Where I see my business in 10 years …

JENNIFER LOPEZ “I’ll see it in the next generation of entrepreneurs that we inspire and help open doors for.”

MACHINE GUN KELLY “Part of the culture’s subconscious of what you associate with beauty upkeep.”

JENNIFER ANISTON “My hope is that I get to explore many other business categories beyond beauty. I would love to be exploring more in the pet and tech spaces.”

GABRIELLE UNION “I see my businesses expanding, leading in development of new products, technology and delivery methods.”

MICHAEL STRAHAN “Ever since I retired from the NFL, my life has been a series of improbable decisions and not being afraid to try new things. So, with my clothing and skin lines, I see us expanding into more categories that may be a bit unexpected, but still organic to my lifestyle.”

RUSSELL WILSON “Good Man Brand, my clothing brand, being one of the largest, most well-respected and well-known brands in the men’s lifestyle space. In addition to that, West2East Empire becoming one of the most impactful brand management and production companies in entertainment. I would also love to own an NFL team in 15 years.”

DREW BARRYMORE “I don’t. I have no board vision. I do what I’m really passionate about at that time.”

IAN SOMERHALDER “I see our business being one of the most inspiring, purpose-driven, sought-after and successful brands in any product category globally by bringing people together and inspiring bonding. Building a 50-generation legacy brand setting in motion enormous biosequestration of carbon dioxide by using regenerative farming practices ultimately changing the way grains are grown at scale in the spirits category in the United States. I believe with steadfast conviction this will happen.”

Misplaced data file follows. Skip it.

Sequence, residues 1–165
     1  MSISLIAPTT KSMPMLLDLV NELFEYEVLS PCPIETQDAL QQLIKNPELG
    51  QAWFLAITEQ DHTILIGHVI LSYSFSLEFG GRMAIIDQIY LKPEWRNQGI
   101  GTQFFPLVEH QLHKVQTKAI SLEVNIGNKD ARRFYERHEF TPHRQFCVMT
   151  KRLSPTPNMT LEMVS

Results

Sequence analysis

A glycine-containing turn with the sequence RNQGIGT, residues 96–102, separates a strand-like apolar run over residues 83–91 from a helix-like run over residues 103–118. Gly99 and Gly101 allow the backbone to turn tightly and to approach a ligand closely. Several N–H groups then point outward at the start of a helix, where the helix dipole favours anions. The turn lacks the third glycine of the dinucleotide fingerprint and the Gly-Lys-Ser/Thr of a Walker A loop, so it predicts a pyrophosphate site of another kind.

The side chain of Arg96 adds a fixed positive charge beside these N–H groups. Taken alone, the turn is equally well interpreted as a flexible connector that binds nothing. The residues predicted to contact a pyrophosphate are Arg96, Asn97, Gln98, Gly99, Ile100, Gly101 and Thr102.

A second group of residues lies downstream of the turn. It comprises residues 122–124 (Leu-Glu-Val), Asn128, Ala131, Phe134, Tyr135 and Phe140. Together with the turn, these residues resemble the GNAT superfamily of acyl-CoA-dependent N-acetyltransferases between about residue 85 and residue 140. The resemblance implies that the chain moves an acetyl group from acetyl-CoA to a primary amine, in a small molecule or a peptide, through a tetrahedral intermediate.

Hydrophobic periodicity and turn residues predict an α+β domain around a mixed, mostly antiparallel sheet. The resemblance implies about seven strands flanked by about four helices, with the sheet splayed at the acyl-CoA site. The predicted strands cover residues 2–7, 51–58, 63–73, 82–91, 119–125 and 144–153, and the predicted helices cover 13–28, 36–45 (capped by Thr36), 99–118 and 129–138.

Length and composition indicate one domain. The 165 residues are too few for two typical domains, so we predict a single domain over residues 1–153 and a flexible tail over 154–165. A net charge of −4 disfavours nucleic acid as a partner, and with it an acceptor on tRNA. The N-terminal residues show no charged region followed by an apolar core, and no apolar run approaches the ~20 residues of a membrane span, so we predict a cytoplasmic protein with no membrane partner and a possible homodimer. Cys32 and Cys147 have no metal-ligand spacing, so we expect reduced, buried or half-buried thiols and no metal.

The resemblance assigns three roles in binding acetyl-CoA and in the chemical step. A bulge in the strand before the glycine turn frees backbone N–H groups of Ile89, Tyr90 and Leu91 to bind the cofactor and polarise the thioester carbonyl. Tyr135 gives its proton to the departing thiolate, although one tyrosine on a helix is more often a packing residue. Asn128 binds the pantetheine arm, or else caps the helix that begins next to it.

KATE HUDSON “I probably just see more businesses in my future! I never really fancied myself being a CEO or a singular in anything. I’m constantly wanting to do different things, and so where I see my business in 10 years is, I think, bigger than maybe one business. But as a whole, I hope to see that what I do continues to inspire people. My purpose personally is to hopefully help motivate people to live healthier lives that makes them feel good inside of themselves and maybe find joy. That’s the part that I hope continues to grow, inspire and motivate.”

EVA LONGORIA “I see my business contributing to the rainbow of diversity that our world is and contributing to the landscape of what TV and film should look like. I see my business in 10 years making a huge difference in supplying a diverse pipeline of talent to an industry that currently needs it.”

A version of this story first appeared in the Nov. 21 issue of The Hollywood Reporter magazine. Click here to subscribe.




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Men should ejaculate 21 times a month to protect against prostate cancer, study suggests

OK chaps, let’s talk about prostate health.

It’s a sensitive but important issue for men around the world. The gland which produces semen is obviously very important but disorders in the area are increasingly common amongst men over 50. An enlarged prostate can cause urination to be frequent and painful and in addition, prostate cancer is now the third most common cancer in American males.

So, how can this be fixed?